CRM 2011 – How to easily delete incorrectly imported entities

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I found this great feature in CRM 2011.

I had to import some contacts into an organisation, I created my import file which involved a bit of excel manipulation and concatenating some columns together.

When I imported the file, the customer then decided (well I asked them actually) the concatenated column should use different fields.  To fix this I had two options.

  1.  Export the contacts and tick the enrich button.  Change the values in excel and then reimport.
  2. Delete the imported contacts and reimport changing the concatenated column in excel before importing.

I chose the second option because it involved only importing and not exporting/importing and I wanted to write a blog about it.

To delete the records of an imported file you go to WORKPLACE/IMPORTS

Then tick the import file with the records you want to remove.

Go to the large Delete button in the top right corner

You will then see there are three choices and you want to choose the second choice

All Records Imported to This Entity During This Import


CRM 2011 – Free CRM 2011 User’s Guide

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Finally Microsoft has made a CRM 2011 user guide.  I found it quite baffling they never had a user guide for people to download, it seems weird to expect people to buy a complex system like Microsoft Dynamics CRM 2011 and then not tell them how to use it fully.  

You can download the CRM 2011 user guide here

I appreciate there is a good resource centre which has lots of great articles but it doesn’t have an order to it, people can’t work through it and it would make it very difficult for people to print it out and some people like to do this.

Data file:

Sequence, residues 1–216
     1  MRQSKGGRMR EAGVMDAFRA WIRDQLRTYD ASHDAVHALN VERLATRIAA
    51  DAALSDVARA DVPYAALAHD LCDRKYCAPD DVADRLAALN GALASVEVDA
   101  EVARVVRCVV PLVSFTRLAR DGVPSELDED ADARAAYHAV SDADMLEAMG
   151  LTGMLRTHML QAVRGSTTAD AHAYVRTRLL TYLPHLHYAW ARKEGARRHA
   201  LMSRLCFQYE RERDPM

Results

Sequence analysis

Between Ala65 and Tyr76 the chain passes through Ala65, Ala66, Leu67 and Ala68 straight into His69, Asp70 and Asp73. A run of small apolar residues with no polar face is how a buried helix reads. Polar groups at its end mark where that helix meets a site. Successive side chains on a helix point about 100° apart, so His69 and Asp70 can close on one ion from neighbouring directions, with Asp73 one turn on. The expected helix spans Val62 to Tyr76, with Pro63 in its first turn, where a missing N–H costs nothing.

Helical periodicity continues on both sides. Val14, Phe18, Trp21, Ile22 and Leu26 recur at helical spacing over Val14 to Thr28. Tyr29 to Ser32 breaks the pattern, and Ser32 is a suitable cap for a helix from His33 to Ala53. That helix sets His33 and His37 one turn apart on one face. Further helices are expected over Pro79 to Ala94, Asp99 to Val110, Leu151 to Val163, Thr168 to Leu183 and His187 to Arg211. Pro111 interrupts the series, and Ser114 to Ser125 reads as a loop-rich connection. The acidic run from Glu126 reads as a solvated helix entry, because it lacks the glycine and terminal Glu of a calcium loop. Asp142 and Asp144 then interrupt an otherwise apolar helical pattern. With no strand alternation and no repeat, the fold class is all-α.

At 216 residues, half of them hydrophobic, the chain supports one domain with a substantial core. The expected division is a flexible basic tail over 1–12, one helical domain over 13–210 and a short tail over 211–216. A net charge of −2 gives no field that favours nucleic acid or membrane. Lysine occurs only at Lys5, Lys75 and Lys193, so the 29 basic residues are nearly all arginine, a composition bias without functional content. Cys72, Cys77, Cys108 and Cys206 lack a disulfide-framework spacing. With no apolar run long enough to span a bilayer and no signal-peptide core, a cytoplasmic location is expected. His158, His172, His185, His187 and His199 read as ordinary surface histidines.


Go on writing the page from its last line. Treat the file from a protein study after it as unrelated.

I would say I wouldn’t recommend printing out the CRM 2011 guide because it is a whopper.   It’s 3.8 megs in size and 643 pages long.

What this is does enable me to do is give Users a guide and tell them to use the resource centre before users have purchased a book.

I would still recommend users to initially use the Resource Centre because it has some excellent examples and it shows the data in different formats.  The resource centre has links to videos and has some really good diagrams which make understanding process flows of CRM much easier than reading about them.  The user manual although useful doesn’t have any diagrams or screen shots which can make using it feel a bit of slog but it’s free so don’t think I am complaining.

An example is the article of following a quote from creation to conclusion, which you can read in full here but the diagram below explains it brilliantly.   To describe the process below would take many words and wouldn’t be as easy to understand, I can vouch for this because I have tried to explain the process to people and it’s pretty difficult and you will soon find yourself up at the white board drawing a diagram similar to the one below.

Quote routing diagram

Problems with Citrix Receiver and Remote Desktop

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I was doing an installation of CRM 2011 today and I had to connect to a citrix network (is network the right word?)

So I downloaded the new Citrix Receiver Entreprise edition, yes a brand new version just to add to the potential pitfalls.

I haven’t used a citrix connector but the receiver seems to be their version of a VPN connection.

Once I had l put in my details and logged on, suddenly citrix installed a bunch of applications on my machine

Not ideal really as I’m not sure I want the 2007 office suite clogging up my programs.

Interestingly it creates its own remote desktop and this was where the fun began.

When I clicked the remote desktop, it instantly tried to load up a remote desktop to a server but I had no idea which server because I didn’t get the chance to choose.  Then to make matters worse it wouldn’t let me connect to the mystery server anyway.

A lot of head scratching ensued, I tried adding domain \ to the login, nope, I tried reinstalling Citrix receiver and still nothing was working.

Finally I went back to the Receiver login and added the domain into that login and then hey presto it was all working

So there you go if you are having problems with Citrix and remote desktops make sure you have added the domain to your initial Citrix connection.

CRM 2011 Version/Build numbers

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it’s often useful to know what version an organisation is on and unfortunately when you look at the version/build[tweetmeme source=”BenHosk” only_single=false] numbers they all look so similar you then have to Google the numbers.